Sometimes Google seems to do some extraordinary acrobatics just to prove it isn’t Apple.
Speaking at the All Things Digital conference in Asia yesterday, Andy Rubin made it a point out their difference in philosophy.
1. He doesn’t believe in tablet-specific apps. All apps should work on a phone and scale up.
2. He doesn’t believe the phone should be an assistant. “You shouldn’t be communicating with the phone — you should be communicating with somebody on the other side of the phone,” he said.
Statements like these diminish Google, mostly because they fly in the face of common sense. Rubin makes it sound like it’s more important to dismiss Apple’s advances than it is to move forward.
His view on tablet-specific apps appears to be a defense for the Android Marketplace having so few of them. That number has been cited as anywhere from 300 to 3,000 — whatever, it’s way less than Apple’s 140,000.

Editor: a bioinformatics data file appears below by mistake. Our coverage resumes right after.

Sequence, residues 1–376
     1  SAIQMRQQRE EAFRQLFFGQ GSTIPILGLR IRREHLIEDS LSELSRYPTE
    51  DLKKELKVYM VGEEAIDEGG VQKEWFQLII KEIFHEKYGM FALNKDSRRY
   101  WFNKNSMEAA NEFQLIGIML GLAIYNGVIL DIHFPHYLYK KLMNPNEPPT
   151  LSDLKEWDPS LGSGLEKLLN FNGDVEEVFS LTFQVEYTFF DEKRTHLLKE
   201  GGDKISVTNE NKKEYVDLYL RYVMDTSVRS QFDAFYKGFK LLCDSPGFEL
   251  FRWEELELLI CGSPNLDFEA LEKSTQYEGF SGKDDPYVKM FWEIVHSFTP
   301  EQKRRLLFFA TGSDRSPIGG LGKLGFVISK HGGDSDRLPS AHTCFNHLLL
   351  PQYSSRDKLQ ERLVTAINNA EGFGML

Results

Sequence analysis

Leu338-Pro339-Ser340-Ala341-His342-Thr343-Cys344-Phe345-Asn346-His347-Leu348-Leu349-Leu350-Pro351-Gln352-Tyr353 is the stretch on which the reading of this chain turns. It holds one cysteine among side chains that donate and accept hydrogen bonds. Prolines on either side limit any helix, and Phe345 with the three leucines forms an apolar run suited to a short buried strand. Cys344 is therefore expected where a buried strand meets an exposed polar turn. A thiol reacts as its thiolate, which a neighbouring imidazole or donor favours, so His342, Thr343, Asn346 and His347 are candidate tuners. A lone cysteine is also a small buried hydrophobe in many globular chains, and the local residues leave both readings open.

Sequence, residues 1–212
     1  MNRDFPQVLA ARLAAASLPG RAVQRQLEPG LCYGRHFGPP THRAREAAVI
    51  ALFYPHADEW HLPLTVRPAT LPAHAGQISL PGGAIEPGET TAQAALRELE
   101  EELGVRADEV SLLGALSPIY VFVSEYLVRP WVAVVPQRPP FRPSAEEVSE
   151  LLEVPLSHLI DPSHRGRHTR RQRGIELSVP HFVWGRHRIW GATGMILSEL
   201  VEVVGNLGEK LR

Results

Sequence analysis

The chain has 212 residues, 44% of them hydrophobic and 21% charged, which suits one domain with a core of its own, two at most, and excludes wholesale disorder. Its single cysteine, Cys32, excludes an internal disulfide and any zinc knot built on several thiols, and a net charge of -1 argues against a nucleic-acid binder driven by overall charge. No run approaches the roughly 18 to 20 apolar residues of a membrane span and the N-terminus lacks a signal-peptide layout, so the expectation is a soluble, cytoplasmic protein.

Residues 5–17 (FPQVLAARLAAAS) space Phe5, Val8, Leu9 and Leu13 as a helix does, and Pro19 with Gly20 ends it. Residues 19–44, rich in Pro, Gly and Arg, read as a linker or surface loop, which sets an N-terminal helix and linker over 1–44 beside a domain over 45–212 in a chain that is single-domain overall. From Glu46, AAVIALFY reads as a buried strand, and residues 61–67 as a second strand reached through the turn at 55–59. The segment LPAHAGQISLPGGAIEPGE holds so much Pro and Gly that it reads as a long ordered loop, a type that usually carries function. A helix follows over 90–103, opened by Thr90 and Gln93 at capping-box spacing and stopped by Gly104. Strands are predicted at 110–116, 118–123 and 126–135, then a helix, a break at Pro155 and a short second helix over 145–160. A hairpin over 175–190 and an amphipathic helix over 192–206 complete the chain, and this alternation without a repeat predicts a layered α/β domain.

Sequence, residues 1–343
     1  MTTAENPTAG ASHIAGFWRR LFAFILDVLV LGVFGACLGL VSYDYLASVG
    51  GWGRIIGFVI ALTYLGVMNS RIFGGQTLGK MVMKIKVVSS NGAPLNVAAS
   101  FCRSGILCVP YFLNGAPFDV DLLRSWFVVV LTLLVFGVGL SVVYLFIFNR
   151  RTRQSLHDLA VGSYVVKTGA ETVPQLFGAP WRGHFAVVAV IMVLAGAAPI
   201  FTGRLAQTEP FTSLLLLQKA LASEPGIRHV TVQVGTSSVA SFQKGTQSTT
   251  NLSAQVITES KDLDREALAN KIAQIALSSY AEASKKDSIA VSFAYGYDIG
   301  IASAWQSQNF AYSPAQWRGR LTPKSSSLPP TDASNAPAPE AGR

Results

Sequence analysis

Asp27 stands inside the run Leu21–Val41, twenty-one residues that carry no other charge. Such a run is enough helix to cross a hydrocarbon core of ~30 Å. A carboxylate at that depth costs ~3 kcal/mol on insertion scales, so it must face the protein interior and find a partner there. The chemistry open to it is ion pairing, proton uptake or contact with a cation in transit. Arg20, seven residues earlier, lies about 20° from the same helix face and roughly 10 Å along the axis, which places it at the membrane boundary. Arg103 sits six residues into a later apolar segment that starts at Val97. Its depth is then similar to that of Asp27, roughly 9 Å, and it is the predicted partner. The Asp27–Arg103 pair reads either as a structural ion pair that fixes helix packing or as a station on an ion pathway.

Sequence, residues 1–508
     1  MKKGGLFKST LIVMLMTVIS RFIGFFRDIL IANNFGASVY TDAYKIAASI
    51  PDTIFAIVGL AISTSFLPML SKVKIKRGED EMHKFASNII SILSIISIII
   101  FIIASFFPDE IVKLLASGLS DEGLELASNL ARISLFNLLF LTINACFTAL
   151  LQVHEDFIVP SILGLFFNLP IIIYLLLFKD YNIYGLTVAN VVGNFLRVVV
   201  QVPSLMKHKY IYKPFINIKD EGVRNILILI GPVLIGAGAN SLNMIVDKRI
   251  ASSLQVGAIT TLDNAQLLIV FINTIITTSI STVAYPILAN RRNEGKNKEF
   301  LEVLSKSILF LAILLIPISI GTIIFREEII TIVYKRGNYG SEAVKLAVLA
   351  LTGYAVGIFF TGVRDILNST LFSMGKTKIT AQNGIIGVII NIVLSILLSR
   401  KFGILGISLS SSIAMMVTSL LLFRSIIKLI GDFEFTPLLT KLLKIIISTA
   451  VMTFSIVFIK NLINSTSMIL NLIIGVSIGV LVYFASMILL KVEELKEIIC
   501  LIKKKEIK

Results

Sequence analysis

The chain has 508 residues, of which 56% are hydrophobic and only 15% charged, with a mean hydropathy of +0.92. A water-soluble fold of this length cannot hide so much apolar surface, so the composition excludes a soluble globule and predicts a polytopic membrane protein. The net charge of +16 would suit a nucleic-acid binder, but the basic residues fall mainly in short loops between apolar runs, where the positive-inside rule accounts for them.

Obviously, many apps can scale perfectly well from a phone to a tablet if they’re written to do so. Just as obviously, there’s a big difference between a 4-inch screen and a 10-inch screen. Though many apps can successfully scale, common sense says that a bigger screen opens up new possibilities. Otherwise, we’d all be running phone apps on our 27-inch screens too.
To be dismissive of Siri is to appear almost Luddite-ish. Even in its beta form, Siri is shaping up to be a monster hit. Again, common sense. It’s infinitely easier to say “Set alarm for 8am” than it is to go through the normal routine. Controlling the phone’s more advanced capabilities the same way feels nothing less than miraculous. And phones are just the start.
Apple didn’t denigrate Android’s superior voice recognition capability, they pushed it to a much higher level — the ability to intelligently interpret words to initiate actions. You’re a smart guy, Andy, but to dismiss this kind of leap with comments like “you shouldn’t be communicating with the phone” is pretty embarrassing.
Common sense says one other thing, too. Not too far in the future, Android will feature a built-in intelligent assistant. It may even help you explore Android’s library of made-for-tablet apps.